It is similarly regarded to be outside of the fold of the Vedic religion by Sankara in his commentary on the 2nd of the Brahmasutras. Even the Saiva works on their Siddhanta, view Pancharatra as a separate religion, and controvert it in the recognised text-book Sivajnana Siddhi. The Vaishnavas of the Ramanuja Sect, at least the great bulk of them now-a-days, are Pancharatrins. The establishment of the teaching of the Pancharatra as Vedic in character and as one form of Vaishnavism was one of the achievements of Ramanuja.
The next item has reference to the needs of the community composed of classes of varying grades of intelligence and mental outlook. It was one of the items of Ramanuja's teaching, which in this particular case, happened to be merely laying an additional emphasis upon the teachings of the Alvars generally, that salvation was attainable alike by all, whatever their earthly position. Here again Ramanuja effected a compromise as in the case of the Pancharatra. Ramanuja's position amounts to this. "Whatever be the position of a man or woman in society, one stood as near to God as anyone else, provided one kept to the high requirements of godly life. What this amounts to, as a measure of social reform, has since become a moot point and there has been considerable division of opinion on the question.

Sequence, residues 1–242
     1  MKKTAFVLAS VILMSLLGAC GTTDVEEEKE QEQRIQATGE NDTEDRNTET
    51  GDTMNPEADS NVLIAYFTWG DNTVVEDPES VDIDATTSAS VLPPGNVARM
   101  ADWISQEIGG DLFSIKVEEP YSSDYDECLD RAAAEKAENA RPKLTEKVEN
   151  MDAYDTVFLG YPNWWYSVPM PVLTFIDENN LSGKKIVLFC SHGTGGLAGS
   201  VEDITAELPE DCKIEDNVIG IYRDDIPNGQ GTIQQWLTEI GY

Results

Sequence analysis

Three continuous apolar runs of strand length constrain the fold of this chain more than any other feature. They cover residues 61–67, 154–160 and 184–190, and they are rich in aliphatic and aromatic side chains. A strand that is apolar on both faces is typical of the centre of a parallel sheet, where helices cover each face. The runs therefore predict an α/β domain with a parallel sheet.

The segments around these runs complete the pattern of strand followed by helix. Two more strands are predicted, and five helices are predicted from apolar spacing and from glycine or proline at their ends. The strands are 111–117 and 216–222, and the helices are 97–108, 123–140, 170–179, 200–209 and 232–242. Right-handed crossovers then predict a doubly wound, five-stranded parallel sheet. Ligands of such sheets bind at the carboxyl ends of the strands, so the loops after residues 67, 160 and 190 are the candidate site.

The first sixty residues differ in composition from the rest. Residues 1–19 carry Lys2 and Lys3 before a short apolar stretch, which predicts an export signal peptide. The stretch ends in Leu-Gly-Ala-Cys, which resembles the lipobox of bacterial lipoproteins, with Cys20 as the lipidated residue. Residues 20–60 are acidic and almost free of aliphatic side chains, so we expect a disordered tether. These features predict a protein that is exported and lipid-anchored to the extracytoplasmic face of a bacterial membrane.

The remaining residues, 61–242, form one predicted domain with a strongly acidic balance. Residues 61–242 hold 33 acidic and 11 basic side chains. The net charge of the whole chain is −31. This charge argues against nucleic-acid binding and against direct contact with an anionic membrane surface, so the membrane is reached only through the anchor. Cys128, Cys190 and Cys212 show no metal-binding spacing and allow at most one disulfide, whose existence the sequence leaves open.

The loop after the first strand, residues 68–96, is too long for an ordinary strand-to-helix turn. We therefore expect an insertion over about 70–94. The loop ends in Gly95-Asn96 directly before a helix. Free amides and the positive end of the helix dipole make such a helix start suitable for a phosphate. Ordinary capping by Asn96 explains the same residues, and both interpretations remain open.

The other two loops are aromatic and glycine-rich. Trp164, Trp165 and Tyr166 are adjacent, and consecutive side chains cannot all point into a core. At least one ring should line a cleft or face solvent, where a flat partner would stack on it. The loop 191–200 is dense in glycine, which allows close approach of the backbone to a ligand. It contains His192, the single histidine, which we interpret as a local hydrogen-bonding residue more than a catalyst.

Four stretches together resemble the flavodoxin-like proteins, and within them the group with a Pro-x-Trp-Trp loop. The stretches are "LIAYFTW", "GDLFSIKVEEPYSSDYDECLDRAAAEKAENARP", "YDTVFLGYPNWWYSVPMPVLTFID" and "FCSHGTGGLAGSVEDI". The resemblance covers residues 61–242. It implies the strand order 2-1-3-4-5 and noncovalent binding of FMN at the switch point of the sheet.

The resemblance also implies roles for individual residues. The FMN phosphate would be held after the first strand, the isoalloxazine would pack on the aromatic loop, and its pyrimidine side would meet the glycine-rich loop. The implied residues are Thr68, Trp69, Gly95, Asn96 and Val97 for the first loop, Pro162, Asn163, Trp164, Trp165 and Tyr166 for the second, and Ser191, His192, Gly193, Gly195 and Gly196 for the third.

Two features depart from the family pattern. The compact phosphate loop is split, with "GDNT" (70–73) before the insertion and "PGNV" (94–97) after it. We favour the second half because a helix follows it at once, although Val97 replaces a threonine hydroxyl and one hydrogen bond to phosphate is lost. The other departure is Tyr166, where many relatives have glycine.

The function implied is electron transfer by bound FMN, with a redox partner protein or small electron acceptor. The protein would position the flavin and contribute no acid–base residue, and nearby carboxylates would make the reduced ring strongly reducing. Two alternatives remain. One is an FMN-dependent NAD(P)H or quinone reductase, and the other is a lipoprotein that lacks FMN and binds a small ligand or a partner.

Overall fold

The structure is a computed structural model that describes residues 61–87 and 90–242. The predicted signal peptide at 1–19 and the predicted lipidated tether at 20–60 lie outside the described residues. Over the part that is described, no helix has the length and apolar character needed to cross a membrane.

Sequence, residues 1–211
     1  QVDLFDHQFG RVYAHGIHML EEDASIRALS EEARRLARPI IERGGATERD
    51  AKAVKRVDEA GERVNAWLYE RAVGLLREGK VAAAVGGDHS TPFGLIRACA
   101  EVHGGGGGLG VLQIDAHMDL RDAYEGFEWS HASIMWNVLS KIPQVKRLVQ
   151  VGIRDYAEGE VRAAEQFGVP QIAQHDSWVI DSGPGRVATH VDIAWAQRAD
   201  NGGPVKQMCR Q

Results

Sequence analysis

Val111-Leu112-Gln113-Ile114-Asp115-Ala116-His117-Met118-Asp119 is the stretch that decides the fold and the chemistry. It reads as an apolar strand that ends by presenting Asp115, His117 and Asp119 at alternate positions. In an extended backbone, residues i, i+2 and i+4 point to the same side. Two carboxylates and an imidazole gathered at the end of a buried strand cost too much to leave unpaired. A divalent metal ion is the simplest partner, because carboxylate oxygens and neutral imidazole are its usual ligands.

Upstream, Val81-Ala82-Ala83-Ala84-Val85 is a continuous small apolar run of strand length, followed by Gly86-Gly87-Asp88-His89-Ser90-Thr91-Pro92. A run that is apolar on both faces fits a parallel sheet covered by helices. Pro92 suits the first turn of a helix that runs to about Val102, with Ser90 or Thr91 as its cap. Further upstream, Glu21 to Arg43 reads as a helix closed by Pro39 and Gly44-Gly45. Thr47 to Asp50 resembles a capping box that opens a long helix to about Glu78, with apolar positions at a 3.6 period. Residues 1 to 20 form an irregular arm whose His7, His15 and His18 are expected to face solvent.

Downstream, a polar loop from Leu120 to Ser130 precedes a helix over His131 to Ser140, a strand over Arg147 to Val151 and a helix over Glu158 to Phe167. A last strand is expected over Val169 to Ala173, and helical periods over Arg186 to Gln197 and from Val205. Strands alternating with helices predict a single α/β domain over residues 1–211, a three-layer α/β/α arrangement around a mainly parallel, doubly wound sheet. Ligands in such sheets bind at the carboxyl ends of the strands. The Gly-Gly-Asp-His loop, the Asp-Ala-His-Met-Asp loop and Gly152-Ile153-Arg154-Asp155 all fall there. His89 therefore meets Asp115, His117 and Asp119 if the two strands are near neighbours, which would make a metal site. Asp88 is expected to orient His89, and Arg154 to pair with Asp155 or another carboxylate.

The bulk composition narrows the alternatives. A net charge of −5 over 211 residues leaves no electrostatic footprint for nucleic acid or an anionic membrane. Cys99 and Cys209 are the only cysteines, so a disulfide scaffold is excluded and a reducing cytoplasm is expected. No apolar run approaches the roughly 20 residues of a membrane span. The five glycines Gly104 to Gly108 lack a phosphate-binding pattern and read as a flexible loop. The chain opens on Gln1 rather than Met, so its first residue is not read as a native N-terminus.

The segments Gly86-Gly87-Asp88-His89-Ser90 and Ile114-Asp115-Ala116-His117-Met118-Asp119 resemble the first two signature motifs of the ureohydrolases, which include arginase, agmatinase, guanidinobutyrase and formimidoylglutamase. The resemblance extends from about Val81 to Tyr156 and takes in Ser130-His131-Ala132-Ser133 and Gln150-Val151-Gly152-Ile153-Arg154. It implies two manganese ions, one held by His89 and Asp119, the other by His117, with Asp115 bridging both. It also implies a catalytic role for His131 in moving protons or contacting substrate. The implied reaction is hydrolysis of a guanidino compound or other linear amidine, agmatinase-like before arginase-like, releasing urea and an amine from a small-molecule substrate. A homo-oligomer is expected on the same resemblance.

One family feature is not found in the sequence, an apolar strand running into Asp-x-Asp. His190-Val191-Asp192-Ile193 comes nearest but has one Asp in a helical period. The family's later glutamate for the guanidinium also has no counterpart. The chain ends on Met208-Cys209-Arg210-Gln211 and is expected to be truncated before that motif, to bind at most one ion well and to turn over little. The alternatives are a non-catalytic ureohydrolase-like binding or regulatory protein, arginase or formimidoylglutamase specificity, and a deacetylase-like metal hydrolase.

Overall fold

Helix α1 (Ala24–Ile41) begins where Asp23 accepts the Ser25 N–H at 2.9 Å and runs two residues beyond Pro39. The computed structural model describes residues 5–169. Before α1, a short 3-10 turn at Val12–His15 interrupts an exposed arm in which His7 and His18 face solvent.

1 Tantravarttika, translation by Ganganath Jha, p. 165. Also Mr. Rama Prasad Chanda's Indo-Aryan Race, p. 99.
Riimanuja lived in the age of the great Cholas having been a contemporary of the great Chola Kulottunga. It was already stated that the period of the Chola ascendency began about the end of the ninth century and lasted till about the middle of the thirteenth century. During this age, it was already pointed out Saivism came in for a cosiderable amount of patronage under some of the Cholas, of whom Rajendra, the Gangaigondachola, stands out prominent. It was under the first of these that the Saiva works of the Adiyars were collected and put in the form in which they have come down to us. It was also the age when Sekkilar wrote the lives of the Saiva saints in his great work Periyapuranam; and Sekkilar lived either as a contemporary of Rama-nuja or slightly later. The four later teachers of the Saivas also belonged to this age and the various Mutts (relgious houses) of the Saivas were founded at this period. Similarly though the Vaismaava organisation began with Natha-muni practically at the commencement of this age of the Chola ascendency, it received full shape and final form of its teaching under Ramanuja early in the twelfth century. From
Ramanuja onwards, as in fact from Nathamuni, the succession of gurus continued unbroken, and the Vaishnava temples became the attractive centres of propagation of this teaching. Among these Srirangam and Conjeevaram constituted the two principal centres. The religious literature of this age both of the Saivas and Vaishnavas are thrown into a controversial form clearly indicating that it was an age of great controversy in matters religious. The religious ferment of which religious controversy is merely the outward expression, became a prominent feature, as soon as the Chola ascendency gave to the country the requisite degree of peace.